The nickel tax issue was discussed at last Thursday’s meeting of the Clinton County Board of Education, with Finance Director Mike Reeves issuing some basic facts to the board and the public pertaining to what the tax is, listing six primary points.

Reeves reviewed that information with board members and others in attendance last week and the following is the information released:

1. What is the purpose of the Nickel Tax:

The Nickel Tax is a tax which provides funding to school districts for the renovation or construction of buildings/facilities.

2. How will the Nickel Tax be used for Clinton County:

The tax will be used to build a new high school for grades 9-12. The existing building will not be used for students with the exception of the gymnasium which will be renovated during the project.

3. How does the Nickel Tax benefit our school system:

The state provides additional funding for each dollar raised by this tax. At full equalization the state will give Clinton County Schools $1.53 for every $1.00 the tax generates.

For example: If the tax generates $250,000 the state gives the school district $382,500. During a 20-year match the state would provide $7,650,000 to our school district.

4. Can the Nickel Tax be used for anything besides construction/renovation:

NO, the funds are placed in a restricted fund and may not be used for any reason other than construction or renovation.

5. How much will this tax rate raise my property tax during a year:

The tax is approximately 6 cents per $100. The average taxpayer in Clinton County would be affected $2 per month.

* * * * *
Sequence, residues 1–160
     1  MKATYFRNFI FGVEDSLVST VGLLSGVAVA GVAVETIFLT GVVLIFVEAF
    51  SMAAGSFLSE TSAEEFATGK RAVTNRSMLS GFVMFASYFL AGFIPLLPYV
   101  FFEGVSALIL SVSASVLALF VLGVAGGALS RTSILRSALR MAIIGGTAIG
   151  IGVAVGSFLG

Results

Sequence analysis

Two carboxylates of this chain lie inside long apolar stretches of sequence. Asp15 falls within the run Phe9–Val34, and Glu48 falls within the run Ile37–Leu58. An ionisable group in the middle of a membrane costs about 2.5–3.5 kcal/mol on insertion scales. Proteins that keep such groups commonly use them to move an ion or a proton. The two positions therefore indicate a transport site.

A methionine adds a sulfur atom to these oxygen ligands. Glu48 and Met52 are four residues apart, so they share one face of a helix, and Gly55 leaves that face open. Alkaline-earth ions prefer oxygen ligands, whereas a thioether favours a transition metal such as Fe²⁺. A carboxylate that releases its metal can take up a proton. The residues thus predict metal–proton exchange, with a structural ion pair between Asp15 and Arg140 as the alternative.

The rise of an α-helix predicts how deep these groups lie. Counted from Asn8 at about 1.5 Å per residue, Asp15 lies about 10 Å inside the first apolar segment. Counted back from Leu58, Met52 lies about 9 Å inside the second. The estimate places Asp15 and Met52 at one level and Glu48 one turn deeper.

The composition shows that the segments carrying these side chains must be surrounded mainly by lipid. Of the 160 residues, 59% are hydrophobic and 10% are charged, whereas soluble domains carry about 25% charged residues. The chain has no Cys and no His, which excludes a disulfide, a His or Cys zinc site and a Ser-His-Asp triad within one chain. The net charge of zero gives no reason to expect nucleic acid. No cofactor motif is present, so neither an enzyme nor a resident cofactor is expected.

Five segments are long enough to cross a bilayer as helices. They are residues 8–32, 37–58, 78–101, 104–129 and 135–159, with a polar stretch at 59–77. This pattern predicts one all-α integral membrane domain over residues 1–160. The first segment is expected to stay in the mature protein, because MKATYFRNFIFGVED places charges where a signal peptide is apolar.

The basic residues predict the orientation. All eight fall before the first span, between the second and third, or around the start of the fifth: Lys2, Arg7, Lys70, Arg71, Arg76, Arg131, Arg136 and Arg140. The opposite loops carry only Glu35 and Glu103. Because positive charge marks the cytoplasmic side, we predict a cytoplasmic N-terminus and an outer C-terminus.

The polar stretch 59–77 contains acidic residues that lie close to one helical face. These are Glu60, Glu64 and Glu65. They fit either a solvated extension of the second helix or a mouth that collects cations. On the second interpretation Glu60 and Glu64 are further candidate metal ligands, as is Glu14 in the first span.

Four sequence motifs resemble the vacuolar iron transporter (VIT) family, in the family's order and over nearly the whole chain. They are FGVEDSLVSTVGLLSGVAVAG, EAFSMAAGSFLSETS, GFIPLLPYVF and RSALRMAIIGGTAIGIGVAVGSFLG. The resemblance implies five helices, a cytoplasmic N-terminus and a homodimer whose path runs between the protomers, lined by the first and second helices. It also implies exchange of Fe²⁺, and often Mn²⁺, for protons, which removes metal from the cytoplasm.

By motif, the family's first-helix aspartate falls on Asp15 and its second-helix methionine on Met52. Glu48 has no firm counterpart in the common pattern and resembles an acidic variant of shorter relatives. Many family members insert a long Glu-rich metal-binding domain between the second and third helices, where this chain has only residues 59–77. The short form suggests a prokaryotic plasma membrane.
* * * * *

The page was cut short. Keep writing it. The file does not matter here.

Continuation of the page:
6. What happens if this tax is not passed:

Due to the age of (the) Clinton County High School the state will not allow any major renovation to the building/facilities. This will mean no major improvements can be made on heating/cooling, plumbing, the gym including bleachers and floors. The state must approve any major renovation which means it would be out of local control.

During board and spectator discussion, it was noted that some rumors about where the tax dollars would go and how it would be spent is going around, including even talk of “corruption.”

The board and school officials have dismissed those rumors, prompting Reeves to spell out exactly how the tax dollars raised can and/or cannot be used.

Board member Gary Norris said that the state would not fund renovations to the existing high school since the cost of total renovation would be more than 80 percent of what the building itself is actually valued at.

“The general fund cannot afford the renovation costs,” Norris said.

Board member Bobbi Bair also said the public needed to be made aware of the actual use of the Nickel Tax funding.

Reeves also noted that if major renovation costs to the existing building were to occur and the district could not fund repairs, the state could relocate students, noting that would not be a good situation. “How can you argue against the tax if you are really concerned for our kids?” he asked.

(A separate article on the Nickel Tax issue, including an interview with Clinton County Schools Board Chairman Kevin Marcum, can be found on page 1.)